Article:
After a spike in mid-August, gas prices in Killeen seem to be stabilizing. Fear and refinery closures due to Hurricane Isaac caused prices to rise across the country, and Texas was no exception. The average price per gallon was slightly above $3.35 at the beginning of August. The price rose above $3.70 a gallon before dropping to $3.66 on Friday, according to Gasbuddy.com.
That is still more expensive than most area residents are comfortable with.
“I live in Temple, and I work in Lampasas,” said EMS dispatcher Tom McGuire as he pumped $3.59 gas into his SUV. “I drive over 100 miles a day. This has really thrown a wrench into things.”
McGuire is taking steps to deal with rising costs. He recently bought a motorcycle to save money on gas and uses an app on his smartphone from Gasbuddy.com to find the best deals in the area.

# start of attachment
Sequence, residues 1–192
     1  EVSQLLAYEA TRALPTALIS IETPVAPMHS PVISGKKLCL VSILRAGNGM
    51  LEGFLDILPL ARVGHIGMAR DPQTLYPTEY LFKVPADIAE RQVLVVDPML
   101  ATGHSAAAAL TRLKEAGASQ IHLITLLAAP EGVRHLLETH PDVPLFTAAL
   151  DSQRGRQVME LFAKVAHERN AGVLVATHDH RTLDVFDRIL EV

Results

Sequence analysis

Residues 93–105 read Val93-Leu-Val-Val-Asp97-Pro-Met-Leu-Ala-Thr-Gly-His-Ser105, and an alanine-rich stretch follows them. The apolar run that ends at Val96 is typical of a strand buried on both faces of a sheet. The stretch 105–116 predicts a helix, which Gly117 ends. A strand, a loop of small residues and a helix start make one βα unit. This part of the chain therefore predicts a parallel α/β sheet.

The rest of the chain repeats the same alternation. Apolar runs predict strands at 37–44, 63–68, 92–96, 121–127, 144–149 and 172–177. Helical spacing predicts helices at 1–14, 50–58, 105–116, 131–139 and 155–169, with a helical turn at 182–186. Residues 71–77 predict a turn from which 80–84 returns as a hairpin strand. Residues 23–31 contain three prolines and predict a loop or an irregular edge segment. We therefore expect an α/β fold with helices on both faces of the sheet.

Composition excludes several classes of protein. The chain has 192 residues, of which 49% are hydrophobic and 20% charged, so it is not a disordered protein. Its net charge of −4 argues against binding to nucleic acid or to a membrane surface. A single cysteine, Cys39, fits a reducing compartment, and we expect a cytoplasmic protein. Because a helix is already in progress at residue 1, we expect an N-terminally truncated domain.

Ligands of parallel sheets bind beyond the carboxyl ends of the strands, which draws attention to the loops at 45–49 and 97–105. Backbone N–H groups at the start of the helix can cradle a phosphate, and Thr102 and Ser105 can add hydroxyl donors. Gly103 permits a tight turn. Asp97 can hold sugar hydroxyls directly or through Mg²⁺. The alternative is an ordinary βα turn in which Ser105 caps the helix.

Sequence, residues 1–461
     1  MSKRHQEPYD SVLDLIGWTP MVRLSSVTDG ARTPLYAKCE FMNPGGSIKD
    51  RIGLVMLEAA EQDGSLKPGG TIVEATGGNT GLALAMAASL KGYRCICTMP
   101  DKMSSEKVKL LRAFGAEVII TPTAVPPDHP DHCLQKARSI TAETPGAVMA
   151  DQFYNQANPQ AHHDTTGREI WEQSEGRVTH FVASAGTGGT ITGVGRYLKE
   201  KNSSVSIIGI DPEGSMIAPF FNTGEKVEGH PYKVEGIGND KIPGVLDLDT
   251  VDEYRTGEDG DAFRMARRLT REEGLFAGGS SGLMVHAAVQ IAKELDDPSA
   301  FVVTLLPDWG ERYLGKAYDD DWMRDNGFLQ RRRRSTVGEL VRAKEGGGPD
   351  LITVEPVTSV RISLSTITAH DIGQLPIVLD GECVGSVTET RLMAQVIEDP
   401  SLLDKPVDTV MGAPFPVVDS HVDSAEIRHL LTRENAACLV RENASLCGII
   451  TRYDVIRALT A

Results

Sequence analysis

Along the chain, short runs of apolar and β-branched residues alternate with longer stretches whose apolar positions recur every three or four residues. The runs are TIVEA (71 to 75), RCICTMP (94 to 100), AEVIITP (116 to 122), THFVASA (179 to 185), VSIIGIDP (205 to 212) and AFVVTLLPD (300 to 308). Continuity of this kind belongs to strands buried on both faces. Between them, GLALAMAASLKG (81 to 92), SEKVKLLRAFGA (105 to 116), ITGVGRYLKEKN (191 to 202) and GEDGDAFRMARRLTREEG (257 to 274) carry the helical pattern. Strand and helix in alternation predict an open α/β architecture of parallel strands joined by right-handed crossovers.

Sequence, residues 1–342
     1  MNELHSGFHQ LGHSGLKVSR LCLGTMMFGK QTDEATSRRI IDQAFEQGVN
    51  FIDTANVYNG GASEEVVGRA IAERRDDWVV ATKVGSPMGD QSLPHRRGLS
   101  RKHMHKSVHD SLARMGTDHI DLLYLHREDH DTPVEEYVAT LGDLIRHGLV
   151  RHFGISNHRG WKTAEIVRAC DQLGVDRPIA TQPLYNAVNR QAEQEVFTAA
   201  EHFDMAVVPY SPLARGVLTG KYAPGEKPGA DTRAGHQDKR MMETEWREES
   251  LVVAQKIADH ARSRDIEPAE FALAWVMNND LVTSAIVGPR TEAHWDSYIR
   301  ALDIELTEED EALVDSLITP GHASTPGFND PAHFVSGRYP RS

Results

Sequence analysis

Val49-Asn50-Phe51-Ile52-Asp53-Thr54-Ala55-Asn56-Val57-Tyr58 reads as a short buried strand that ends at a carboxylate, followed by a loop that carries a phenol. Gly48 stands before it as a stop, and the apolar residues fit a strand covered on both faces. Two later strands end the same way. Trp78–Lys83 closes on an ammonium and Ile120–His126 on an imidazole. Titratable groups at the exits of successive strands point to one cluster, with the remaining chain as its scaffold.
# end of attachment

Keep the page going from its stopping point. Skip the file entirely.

“I am very selective about where I get my gas,” he said.
McGuire might be happy to know that Gasbuddy.com’s senior petroleum analyst Gregg Laskoski expects prices to decline toward the end of Labor Day weekend.
“Ten of the last 12 years, gas prices were actually lower at the end of Labor Day weekend than they were in the beginning,” Laskoski said.
Laskoski said Hurricane Isaac caused prices to soar because refineries were forced to close.
“Anytime you have proximity to oil infrastructure, these facilities go into a mode of closure or partial closure,” he said.
John Gilmore, owner of Killeen’s fuel wholesaler Big Chief Distributing Co., said it can take up to two weeks for a refinery to be fully operational after a closure.
“They can’t just show up the next day and start them back up,” he said.
Gilmore said although none of Big Chief’s suppliers were shut down by the storm, Big Chief still felt the impact.
“It still affects us because they have to divert products to make up for those refineries being hit,” Gilmore said.
The increasing gas prices are making it harder for powerwasher Michael Carranza to turn a profit. He has had to increase his prices from $100 to $135 per house to keep up with inflation.
“Gas prices are too high for me to make a living,” he said while filling up with $3.65 gas at Mickey’s on Trimmier and Illinois. “It’s eating up my profits. I had to go up on my prices. Everything has gone up.”